Novo Nordisk in the team time trial at Tirenno Adriatico
Stocking a deeper talent pool
Having a roster of only riders with Type 1 Diabetes has obvious limitations, most notably the number of eligible athletes in the available talent pool. It's an issue Southerland and the team have long addressed with an amateur U23 development team, a junior team for riders 17-18 and 'talent ID' camps open to even younger riders. Multiple current Novo Nordisk riders started out at the talent ID camps.
"To continue as an all-diabetic team means we have to invest in the pipeline, and these talent ID camps for us have been arguably one of our most successful programs," Southerland said. "This year we had kids who I met when they were 16 years old at the talent ID camps who were racing in the WorldTour, getting top 10s in UCI stage races. And if it weren't for those camps, then they never would have come into our fold."
This summer the team hosted 53 kids from 26 countries at the camps, and Southerland said every year the riders show up more prepared to work hard and prove their mettle.
"I remember riding at the talent ID camp in 2013 fresh off a broken leg, just got married, overweight, and I could still ride around no problem with these kids," Southerland recalled, pointing out how the talent level at the camps has steadily improved. "This past summer, we did 85 miles in three hours and 50 minutes, and I was eating my stem the entire time trying to hang on."
Although the camps and the junior team have been a high-point in the team's development, their funding is no longer secured in the new sponsorship deal. Southerland said he and management are working to bring in new revenue sources to keep the programs afloat.
"We're currently in search of naming-rights partners for our pipeline development. It's been fun to have those discussions, because people really see the value in investing in the youth and getting kids on bikes at a young age, and really giving kids with diabetes a purpose in life that they never had before," he said.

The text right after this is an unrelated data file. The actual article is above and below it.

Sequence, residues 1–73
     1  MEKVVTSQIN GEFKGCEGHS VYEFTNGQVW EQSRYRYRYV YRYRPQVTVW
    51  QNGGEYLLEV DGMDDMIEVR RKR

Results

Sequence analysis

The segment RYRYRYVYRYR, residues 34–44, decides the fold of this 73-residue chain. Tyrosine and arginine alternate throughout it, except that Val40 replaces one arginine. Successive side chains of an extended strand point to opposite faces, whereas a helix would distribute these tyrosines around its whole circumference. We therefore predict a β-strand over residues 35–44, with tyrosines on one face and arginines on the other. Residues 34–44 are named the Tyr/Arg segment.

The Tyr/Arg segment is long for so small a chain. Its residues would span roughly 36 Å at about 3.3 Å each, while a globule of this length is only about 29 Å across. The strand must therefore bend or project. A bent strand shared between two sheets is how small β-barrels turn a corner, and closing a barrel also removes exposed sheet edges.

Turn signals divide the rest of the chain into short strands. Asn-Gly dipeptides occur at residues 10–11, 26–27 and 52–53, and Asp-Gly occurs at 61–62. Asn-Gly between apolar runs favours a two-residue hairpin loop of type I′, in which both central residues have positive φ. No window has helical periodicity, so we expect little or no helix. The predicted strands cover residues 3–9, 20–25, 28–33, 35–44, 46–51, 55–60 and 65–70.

"So while they're not signed, sealed and delivered, I am committing that these camps will go on and some company is going to get a really cool experience to be a part of this program."
Andrea Peron gets a bottle from the Novo Nordisk team car
Developing talent that will eventually chase wins is the goal of any professional sports team, but the ultimate goal with this team is to spread the message of Novo Nordisk's "Changing Diabetes" initiative, the company's global commitment to improve conditions for the 415 million people living with the disease.
Aside from providing a travelling billboard, the team touches the lives of individuals and families in very real ways. Southerland relays the story of an 11-year-old boy in Japan who was devastated when he was diagnosed with diabetes.
"In the Asian culture there is great shame to have type 1 diabetes, so he was depressed, and at 11 years old he met Team Novo Nordisk when we were doing the Japan Cup. He got inspired and started riding his bike," Southerland said.
"I got to ride with him last year at the Japan Cup when we did one lap of the circuit. I said, 'What's your dream?' And at 12 years old he said his dream was to make the talent ID camps. I said, 'Alright, you'll have to work hard because it's not easy to qualify; we're looking for very serious athletes.'"
Fast forward to June or July, and he and his father rode 900km in five days through Japan raising awareness about eliminating the stigma from people with diabetes – about being proud to have diabetes and having purpose. My friend Justin Morris got to ride with him, and he said the kid was strong. He's working really hard, and his dream is still those talent ID camps."
Growing up in Missoula, Montana, Pat competed in his first bike race in 1985 at Flathead Lake before studying English and journalism at the University of Oregon. He has covered North American cycling extensively since 2009, as well as racing and teams in Europe and South America. Pat currently lives in the US outside of Portland, Oregon.
Thank you for signing up to Cycling News. You will receive a verification email shortly.
There was a problem. Please refresh the page and try again.